indexToday is Martin Luther King, Jr. day. And depending on your disposition, this is either a day to remember a key figure in the Civil Rights movement, and his inspirational “I have a dream” speech, or this could be the day that’s an inconvenience because banks and other government buildings (and some schools) are closed in observance of someone you could care less about. For the record, I view Martin Luther King, Jr. as an inspiration, less because of what he said, but because he was a very flawed individual who none-the-less acted on the faith that he needed to speak out on matters of justice and freedom, not just for one segment of America, but for all of humanity.

On the Relevant Magazine site, there’s an article with 15 MLK quotes that I was browsing before work this morning, and one of them I found rather interesting:

“I imagine that the first question the priest and the Levite asked was: ‘If I stop to help this man, what will happen to me?’ But by the very nature of his concern, the good Samaritan reversed the question: ‘If I do not stop to help this man, what will happen to him?’ The good Samaritan engaged in a dangerous altruism.”

See, I’ve been going through the entire book of Matthew recently. That’s the one Gospel of Jesus where you can find a lot of rather convicting statements made by Jesus, not just to the religious people, but to everyone who would listen to Him. And the stuff He says runs so counter to the ideologies of what the world says, it’s easy to see why He was considered, among other things, a dangerous radical in His day.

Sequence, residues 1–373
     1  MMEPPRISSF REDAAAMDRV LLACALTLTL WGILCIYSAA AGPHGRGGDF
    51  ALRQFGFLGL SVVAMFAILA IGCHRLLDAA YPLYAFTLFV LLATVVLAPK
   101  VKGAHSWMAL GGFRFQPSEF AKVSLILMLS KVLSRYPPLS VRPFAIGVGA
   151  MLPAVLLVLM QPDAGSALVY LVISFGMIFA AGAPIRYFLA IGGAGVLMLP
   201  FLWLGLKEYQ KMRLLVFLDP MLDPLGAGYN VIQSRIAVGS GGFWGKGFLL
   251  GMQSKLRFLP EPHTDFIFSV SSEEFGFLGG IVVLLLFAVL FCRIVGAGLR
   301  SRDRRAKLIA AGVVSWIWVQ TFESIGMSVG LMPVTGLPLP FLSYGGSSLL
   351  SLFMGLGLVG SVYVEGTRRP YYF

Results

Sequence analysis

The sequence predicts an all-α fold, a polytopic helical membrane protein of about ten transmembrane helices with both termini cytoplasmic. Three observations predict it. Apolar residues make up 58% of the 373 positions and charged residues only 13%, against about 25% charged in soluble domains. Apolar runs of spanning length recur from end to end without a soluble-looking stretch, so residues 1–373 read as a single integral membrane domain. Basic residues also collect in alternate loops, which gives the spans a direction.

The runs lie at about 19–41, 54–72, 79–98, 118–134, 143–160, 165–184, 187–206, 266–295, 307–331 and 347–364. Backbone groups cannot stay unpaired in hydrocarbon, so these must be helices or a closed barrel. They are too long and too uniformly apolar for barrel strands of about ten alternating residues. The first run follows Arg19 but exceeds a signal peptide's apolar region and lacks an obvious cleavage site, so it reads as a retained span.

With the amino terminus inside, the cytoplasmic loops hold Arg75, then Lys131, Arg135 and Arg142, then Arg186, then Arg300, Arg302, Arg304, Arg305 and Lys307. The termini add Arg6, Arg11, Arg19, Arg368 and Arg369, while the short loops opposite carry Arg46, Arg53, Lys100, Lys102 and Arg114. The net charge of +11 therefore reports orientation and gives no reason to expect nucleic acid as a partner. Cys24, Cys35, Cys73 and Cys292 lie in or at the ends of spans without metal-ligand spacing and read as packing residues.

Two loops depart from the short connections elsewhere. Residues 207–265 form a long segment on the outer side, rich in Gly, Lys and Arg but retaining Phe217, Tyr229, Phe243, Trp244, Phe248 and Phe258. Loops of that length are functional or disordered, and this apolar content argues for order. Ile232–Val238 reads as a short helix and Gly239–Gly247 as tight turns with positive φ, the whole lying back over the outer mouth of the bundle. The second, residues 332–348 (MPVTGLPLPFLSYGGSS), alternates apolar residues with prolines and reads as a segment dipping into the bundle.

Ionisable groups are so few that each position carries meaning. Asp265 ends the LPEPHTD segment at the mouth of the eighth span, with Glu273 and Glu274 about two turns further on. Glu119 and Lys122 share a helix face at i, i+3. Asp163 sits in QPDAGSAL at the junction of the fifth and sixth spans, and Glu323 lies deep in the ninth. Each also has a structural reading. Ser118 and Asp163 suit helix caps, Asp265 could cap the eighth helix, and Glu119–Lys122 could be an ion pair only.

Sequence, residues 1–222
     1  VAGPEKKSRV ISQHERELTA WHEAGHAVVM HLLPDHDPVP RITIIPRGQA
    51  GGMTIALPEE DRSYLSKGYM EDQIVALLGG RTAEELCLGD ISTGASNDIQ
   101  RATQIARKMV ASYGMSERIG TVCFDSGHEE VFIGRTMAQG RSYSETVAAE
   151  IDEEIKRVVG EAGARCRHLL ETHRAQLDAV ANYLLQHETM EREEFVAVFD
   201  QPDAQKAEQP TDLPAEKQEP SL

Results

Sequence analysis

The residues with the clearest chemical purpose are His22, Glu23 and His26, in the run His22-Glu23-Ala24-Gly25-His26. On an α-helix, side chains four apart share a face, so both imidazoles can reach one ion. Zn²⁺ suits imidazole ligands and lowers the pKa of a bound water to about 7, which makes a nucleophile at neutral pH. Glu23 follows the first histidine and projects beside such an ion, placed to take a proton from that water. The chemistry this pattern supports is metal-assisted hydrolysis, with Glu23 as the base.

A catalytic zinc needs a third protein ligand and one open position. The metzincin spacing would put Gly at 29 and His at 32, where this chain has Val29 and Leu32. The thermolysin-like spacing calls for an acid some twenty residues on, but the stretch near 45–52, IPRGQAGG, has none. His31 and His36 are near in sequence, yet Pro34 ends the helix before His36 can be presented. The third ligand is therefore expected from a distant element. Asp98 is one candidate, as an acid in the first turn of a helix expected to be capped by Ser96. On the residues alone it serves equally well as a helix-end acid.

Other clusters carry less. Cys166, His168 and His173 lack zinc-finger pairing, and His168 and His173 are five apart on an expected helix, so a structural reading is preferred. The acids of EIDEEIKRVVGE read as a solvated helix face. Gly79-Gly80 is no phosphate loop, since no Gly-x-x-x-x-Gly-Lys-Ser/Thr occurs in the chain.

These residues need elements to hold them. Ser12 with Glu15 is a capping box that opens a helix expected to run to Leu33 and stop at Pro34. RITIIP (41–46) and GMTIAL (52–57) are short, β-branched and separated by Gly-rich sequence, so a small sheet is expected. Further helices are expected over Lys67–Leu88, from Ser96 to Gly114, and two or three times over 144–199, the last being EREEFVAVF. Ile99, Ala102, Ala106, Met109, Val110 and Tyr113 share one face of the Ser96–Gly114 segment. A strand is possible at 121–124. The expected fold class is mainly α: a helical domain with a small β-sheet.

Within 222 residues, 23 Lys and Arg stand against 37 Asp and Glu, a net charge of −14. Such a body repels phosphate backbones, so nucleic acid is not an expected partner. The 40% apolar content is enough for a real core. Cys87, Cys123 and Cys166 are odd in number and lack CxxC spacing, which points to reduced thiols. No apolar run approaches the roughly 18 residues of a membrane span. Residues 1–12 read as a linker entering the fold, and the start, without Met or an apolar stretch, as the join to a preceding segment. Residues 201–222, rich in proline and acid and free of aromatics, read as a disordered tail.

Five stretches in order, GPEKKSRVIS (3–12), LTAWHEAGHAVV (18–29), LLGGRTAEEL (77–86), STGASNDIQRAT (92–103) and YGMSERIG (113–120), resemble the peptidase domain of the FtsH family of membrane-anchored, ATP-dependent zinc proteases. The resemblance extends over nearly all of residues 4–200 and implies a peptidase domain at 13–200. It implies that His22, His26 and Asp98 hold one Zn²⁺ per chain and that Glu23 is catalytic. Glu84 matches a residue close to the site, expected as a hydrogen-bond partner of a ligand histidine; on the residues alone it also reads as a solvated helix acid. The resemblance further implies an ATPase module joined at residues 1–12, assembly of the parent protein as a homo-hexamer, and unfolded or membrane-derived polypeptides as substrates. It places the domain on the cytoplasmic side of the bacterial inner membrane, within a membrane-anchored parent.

And the sociopolitical climate back then really wasn’t as different as it is today, really. While the world is shouting “Eye for an eye!”, Jesus proclaimed that we needed to turn the other cheek after being struck, so that they can strike the other one. When the world is shouting, “Do not infringe on my rights!”, Jesus told us that, when someone forces you to walk with them for a mile, go with them an extra mile. And when the world is shouting, “Don’t show love to someone who won’t show you love back!”, Jesus said that we should show love and compassion to everyone, regardless of whether or not they’ll show it back.

That last part, there, is probably the biggest hot-button statement today, considering what’s been going on these past few months, with the Muslim population and the refugees, and the majority of those identifying as Christians on their social medias saying to keep ’em out. After all, Muslims would never take in Christian refugees, and some of them might be terrorists trying to sneak in.

I’m torn, really. On the one hand, I understand the fear and desire to protect yourself and your family for any potential danger, speculation or not. On the other hand, as I take my faith rather seriously, I am obligated to show compassion and love to all people, not just those who share my same ideology or world view. I am fearful of coming to harm by those who would repay my kindness with evil; on the other hand, Jesus did say that we shouldn’t fear humans, who can only kill the body, but instead Father God, who can destroy our souls as well.

So, really, I understand that I am commanded, as someone who proclaims to be a follower of Christ Jesus, to follow His commandments as such. I’m also not ashamed to confess that the prospect of doing so, especially in this climate of fear and uncertainty (and with the prospect of being misunderstood by my fellow Christians), terrifies me. Which means that I need to pray for courage to step out in faith. Which brings me to another Martin Luther King, Jr. quote that sticks out to me from that article:

“We must learn that to expect God to do everything while we do nothing is not faith but superstition.”

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